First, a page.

So is it as simple as saying that a U.S. investor should hedge foreign currency exposure while a Canadian investor should not? In part, yes, but with some caution. If one agrees with the observation that currencies balance out over the long term, the U.S. investor would have benefitted from longer periods of small currency gains before being subjected to sharp losses in times of crisis, whereas the Canadian investor would have had to endure multiple years of losses on foreign currency exposures in the hope of benefitting from protection in risk-off environments, which may not materialize as was the case in 2002. (Suppose the latest downturn wasn’t influenced by reduced Chinese growth which dragged down demand for Canadian resources or that the world no longer viewed the U.S. as a safe place to park its money in times of crisis).
The last observation most often is referenced by those advocating currency hedging. If indeed currencies have no expected return over the long term, but introduce time-varying volatility, which may or may not occur at opportune times, unhedged currency exposures would amount to unrewarded risks that should be hedged (or at least managed).
The hedged approach
A straightforward argument in favour of hedging currency exposures can be made with regard to strategies such as Fixed Income, Direct Real Estate, or Hedge Funds, where the volatility of the currency movements might be greater than that of the underlying strategy. Take for example a risk-managed Hedge Fund (USD base currency), which is expected to yield a 6% absolute return with limited volatility, but could lose 15%+ in a year as a result of currency movements from the perspective of a Canadian investor. This type of currency exposure would not be a desirable proposition and would result in an investment that is highly correlated to currency movements, rather than the uncorrelated investment being sought. That being said, an argument could be made in favour of maintaining currency exposures in equity investments, which typically are accompanied by higher volatility and longer investment horizons, allowing the currency cycle to play out while benefitting from some diversification.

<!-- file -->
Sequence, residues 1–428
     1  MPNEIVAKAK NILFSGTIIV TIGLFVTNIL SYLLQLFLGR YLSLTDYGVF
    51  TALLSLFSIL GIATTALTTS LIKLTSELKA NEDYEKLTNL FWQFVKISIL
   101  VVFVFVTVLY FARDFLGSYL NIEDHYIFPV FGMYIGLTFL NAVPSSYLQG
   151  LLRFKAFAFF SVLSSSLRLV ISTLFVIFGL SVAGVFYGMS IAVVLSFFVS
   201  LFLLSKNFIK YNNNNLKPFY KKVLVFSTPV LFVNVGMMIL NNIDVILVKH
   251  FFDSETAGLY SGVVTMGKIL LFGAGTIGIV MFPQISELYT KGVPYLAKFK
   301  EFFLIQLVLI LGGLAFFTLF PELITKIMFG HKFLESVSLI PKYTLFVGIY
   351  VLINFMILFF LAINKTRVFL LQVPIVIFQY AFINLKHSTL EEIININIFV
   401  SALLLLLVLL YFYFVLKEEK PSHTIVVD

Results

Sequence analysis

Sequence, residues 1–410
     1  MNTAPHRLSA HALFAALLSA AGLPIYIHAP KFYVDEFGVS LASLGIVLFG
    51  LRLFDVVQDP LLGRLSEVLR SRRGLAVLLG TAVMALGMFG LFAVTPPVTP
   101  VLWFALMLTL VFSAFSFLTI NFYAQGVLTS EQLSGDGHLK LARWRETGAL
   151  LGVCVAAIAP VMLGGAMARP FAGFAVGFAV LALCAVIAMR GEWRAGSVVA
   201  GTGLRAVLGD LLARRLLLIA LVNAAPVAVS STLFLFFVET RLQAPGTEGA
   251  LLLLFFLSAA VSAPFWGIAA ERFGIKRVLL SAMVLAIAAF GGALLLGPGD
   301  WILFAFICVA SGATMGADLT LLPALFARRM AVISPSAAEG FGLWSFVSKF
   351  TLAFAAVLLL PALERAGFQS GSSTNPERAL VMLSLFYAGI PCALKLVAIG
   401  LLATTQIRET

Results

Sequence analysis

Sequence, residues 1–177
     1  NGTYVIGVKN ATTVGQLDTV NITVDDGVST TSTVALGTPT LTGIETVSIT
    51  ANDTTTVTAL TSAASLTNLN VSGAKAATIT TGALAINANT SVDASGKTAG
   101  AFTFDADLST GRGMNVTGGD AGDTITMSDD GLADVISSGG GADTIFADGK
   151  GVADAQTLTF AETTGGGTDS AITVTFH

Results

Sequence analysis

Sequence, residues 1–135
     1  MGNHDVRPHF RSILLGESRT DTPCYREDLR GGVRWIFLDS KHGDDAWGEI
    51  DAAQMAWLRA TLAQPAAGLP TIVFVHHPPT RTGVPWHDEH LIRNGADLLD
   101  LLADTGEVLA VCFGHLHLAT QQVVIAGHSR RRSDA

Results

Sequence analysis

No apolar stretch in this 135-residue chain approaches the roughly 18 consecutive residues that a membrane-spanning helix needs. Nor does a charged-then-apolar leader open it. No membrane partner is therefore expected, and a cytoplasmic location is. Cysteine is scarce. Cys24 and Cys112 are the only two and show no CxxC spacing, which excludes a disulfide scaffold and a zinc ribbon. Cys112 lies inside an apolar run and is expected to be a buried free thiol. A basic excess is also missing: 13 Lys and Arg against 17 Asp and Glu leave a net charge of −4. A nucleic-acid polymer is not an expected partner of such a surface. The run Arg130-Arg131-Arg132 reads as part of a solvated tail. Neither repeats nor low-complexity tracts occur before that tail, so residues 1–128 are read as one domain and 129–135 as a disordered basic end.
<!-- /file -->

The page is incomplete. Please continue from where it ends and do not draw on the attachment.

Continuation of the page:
The extent to which currency exposures should be managed is therefore a function of our beliefs regarding the anticipated and free diversification benefit that can be obtained from currency exposures. By “free” we mean that the currency exposure, conveniently, is embedded within the underlying asset at no extra cost. In fact, removing the exposure is the costly proposition.
The optimal hedge ratio for each asset class or strategy can be mathematically determined through fairly simple analysis, though the outcome will be dependent on the risk, correlation, regime change or simulation assumptions one uses. Therefore, it is important to conduct scenario analysis to stress test the assumptions and determine how likely the desirable and undesirable outcomes are to occur. One would suspect that the above-mentioned Hedge Fund investment would be a candidate for full hedging.
Practical considerations, however, also come to mind when implementing a hedging strategy as large cash flows might be required to cover losses on a currency program should the investor’s base currency depreciate significantly. Foreign assets may need to be sold to raise the cash required to settle the currency positions. That’s assuming liquidity is available, which may not be the case for illiquid assets such as Direct Real Estate, Infrastructure, Private Equity or Hedge Funds. A further practical consideration is that hedging mechanisms or vehicles may be too complex, costly, or unavailable depending on the size of the exposures, or that we may not have the required transparency into the underlying currency exposures of an investment vehicle, making it difficult to manage the hedging strategy in a timely manner. Finally, some currencies may be very difficult or costly to hedge, thus leaving an unhedged exposure as the only realistic alternative.
In reality, the arguments about unhedged vs. hedged are